(6) Notwithstanding s. 775.082(3), chapter 958, any other
law, or any interpretation or construction thereof, a person
subject to sentencing under this section must be sentenced to
the mandatory term of imprisonment provided under this
section. If the mandatory minimum term of imprisonment
imposed under this section exceeds the maximum sentence
authorized under s. 775.082, s. 775.084, or chapter 921, the
mandatory minimum term of imprisonment under this section
must be imposed. If the mandatory minimum term of
imprisonment under this section is less than the sentence
that could be imposed under s. 775.082, s. 775.084, or
chapter 921, the sentence imposed must include the mandatory
minimum term of imprisonment under this section.
§ 794.0115(6), Fla. Stat. (2009). This mandatory minimum
precludes eligibility for discretionary early release
(including gain-time), other than pardon, executive clemency,
or conditional medical release. § 794.0115(7), Fla.
trial court concluded that Williams's mandatory minimum
life sentence was appropriate because the plain language of
section 794.0115(2) "does not reflect any restriction on
the length of the mandatory minimum that can be imposed under
it, other than stating it must be between 25 years and life
imprisonment, " and because the plain language of
section 794.0115(6) provides that the mandatory minimum term
must be imposed if the mandatory minimum exceeds the
statutory maximum for the crime-which it did in this case.
reaching its conclusion, the trial court dismissed the Fifth
District's decision in Wilkerson on the basis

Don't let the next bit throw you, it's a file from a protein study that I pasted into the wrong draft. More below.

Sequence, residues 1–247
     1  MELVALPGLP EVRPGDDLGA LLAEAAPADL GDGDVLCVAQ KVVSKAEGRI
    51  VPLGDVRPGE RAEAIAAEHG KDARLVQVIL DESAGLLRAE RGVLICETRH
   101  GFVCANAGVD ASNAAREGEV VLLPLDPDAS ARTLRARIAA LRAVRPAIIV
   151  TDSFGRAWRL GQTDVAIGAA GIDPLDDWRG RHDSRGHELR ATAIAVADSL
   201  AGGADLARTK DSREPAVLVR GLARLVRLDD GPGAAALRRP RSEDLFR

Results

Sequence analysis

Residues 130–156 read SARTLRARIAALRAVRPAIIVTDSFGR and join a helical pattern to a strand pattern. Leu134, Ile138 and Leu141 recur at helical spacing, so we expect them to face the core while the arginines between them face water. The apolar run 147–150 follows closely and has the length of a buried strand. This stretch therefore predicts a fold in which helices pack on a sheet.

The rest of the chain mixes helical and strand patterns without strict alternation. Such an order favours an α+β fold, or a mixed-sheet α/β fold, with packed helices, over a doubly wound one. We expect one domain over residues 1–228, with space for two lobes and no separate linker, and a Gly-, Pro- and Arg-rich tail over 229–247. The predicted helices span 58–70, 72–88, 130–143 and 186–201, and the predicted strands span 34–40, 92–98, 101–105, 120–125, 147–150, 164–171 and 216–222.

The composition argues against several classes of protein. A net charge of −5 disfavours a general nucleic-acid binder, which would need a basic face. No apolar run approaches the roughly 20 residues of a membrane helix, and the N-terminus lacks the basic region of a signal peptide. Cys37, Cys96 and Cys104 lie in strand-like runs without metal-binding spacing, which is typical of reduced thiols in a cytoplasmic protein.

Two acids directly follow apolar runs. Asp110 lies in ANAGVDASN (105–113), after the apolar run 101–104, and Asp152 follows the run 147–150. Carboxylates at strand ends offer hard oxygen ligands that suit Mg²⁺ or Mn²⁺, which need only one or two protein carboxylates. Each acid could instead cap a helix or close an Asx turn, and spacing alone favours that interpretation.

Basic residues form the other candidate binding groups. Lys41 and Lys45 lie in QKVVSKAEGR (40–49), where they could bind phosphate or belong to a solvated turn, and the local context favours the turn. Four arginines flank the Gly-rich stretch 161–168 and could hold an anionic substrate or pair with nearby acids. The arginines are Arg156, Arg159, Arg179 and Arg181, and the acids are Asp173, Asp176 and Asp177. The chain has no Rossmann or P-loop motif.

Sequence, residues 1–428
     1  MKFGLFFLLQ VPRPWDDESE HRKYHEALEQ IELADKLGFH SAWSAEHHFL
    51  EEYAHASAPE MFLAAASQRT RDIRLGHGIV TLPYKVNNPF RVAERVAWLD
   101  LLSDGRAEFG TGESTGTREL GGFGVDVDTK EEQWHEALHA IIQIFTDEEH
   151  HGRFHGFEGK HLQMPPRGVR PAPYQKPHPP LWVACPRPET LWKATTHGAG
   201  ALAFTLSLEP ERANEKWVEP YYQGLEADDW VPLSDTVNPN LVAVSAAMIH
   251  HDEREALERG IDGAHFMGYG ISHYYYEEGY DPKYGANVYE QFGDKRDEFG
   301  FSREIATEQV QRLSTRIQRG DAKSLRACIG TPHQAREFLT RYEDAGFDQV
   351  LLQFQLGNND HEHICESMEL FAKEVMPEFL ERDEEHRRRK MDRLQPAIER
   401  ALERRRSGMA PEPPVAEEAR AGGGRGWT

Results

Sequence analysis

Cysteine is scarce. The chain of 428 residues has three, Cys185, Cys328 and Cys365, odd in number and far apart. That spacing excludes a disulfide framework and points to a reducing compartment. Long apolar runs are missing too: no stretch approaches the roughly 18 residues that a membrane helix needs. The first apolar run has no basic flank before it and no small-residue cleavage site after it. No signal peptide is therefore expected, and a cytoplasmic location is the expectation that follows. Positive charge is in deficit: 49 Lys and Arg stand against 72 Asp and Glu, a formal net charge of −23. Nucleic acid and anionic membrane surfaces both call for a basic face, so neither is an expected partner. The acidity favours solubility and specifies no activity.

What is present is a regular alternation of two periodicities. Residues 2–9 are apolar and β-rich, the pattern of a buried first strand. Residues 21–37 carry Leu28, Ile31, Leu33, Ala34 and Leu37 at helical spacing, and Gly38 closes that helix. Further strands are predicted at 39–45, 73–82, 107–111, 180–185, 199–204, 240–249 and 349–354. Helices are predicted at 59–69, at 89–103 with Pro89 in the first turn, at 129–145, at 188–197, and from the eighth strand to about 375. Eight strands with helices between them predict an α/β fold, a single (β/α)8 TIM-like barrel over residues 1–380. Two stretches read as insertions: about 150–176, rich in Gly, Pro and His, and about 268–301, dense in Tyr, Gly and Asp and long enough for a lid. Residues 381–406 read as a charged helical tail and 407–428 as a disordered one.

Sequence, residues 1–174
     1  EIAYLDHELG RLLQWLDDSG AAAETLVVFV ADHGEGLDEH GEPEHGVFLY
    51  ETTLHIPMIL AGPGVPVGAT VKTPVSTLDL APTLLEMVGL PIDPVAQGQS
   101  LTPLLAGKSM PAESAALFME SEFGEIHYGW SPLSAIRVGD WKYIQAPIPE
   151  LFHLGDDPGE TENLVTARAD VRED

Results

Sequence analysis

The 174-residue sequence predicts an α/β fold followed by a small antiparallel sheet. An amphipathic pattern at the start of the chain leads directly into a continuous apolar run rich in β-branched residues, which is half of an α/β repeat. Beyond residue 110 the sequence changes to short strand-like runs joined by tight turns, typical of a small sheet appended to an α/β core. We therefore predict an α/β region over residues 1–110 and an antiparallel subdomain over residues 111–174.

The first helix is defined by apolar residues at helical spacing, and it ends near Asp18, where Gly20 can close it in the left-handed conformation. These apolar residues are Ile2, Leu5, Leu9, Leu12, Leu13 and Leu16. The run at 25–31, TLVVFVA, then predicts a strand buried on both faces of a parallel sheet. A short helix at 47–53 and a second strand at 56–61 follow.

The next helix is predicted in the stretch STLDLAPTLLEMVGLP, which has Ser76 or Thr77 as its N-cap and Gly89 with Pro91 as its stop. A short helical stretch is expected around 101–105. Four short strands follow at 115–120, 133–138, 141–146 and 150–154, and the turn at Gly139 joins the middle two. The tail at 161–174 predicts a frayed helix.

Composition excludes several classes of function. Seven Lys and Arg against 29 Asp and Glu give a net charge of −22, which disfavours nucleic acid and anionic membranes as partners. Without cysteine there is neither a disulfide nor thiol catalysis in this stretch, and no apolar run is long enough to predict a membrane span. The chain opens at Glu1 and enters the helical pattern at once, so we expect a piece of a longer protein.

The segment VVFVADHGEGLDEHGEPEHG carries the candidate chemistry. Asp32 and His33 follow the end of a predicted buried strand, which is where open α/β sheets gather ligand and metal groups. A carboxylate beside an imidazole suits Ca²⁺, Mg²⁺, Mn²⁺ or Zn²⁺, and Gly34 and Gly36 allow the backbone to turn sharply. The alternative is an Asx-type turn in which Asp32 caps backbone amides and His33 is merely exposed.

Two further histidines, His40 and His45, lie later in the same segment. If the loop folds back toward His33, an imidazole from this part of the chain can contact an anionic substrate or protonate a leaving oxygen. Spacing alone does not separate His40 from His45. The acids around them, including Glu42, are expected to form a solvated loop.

that it "provides no analysis of how it reached its
conclusion that a trial court cannot impose more than a
25-year mandatory minimum on a second-degree felony."
The trial court also relied on Flowers v. State, 69
So.3d 1042, 1044 (Fla. 1st DCA 2011), in which the First
District concluded that the "25 to life" provision
in Florida's 10-20-Life statute permitted a trial court
to impose a mandatory minimum life sentence for a
second-degree felony. The trial court noted that
Flowers reached its decision by applying this
Court's decision in Mendenhall. And the trial
court ultimately concluded that the same analysis in
Flowers and Mendenhall should apply when
analyzing the DSFO Act.
appealed the trial court's denial of his Motion to
Correct Sentence. On appeal, the First District upheld the
trial court's sentence, holding that the DSFO Act
provides the trial court with discretion to impose a
mandatory minimum life sentence regardless of the statutory
maximum for the charged offense. Williams, 189 So.3d
at 290. As did the trial court, the First District relied on
the plain language of section 794.0115 and on the district
court's previous decision in Flowers.
Id. at 289-90.
the plain language of the DSFO Act, the First District noted
that under section 794.0115(2) and section 794.0115(6), a
designated sexual felony offender "must be sentenced to
a mandatory minimum term of 25 years imprisonment up to, and
including, life imprisonment, " and the minimum sentence
must be imposed whenever that minimum exceeds the statutory
maximum otherwise provided by Florida law. Id. at
289 (quoting § 794.0115(2), Fla. Stat. (2009)). And
according to the First District, that mandatory minimum
allows for any term between twenty-five years and life.
Id. at 289-90.
First District also relied on its previous decision in
Flowers, which held that the "25 to life"
provision in the 10-20-Life statute authorized any mandatory
minimum term between twenty-five years and life for a
second-degree felony. Id. at 290. Unlike the trial
court, however, the First District did not mention the fact
that Flowers reached its decision by applying
upholding Williams's sentence, the First District
disagreed with the Fifth District's conclusion in
Wilkerson that the plain language of the DSFO Act
authorized only a twenty-five-year mandatory minimum when the
underlying crime had a fifteen-year statutory maximum.
Id. at 289. The First District determined that
"the plain language of section 794.0115" instead
supported the conclusion that the "minimum mandatory
sentence" is "any term between twenty-five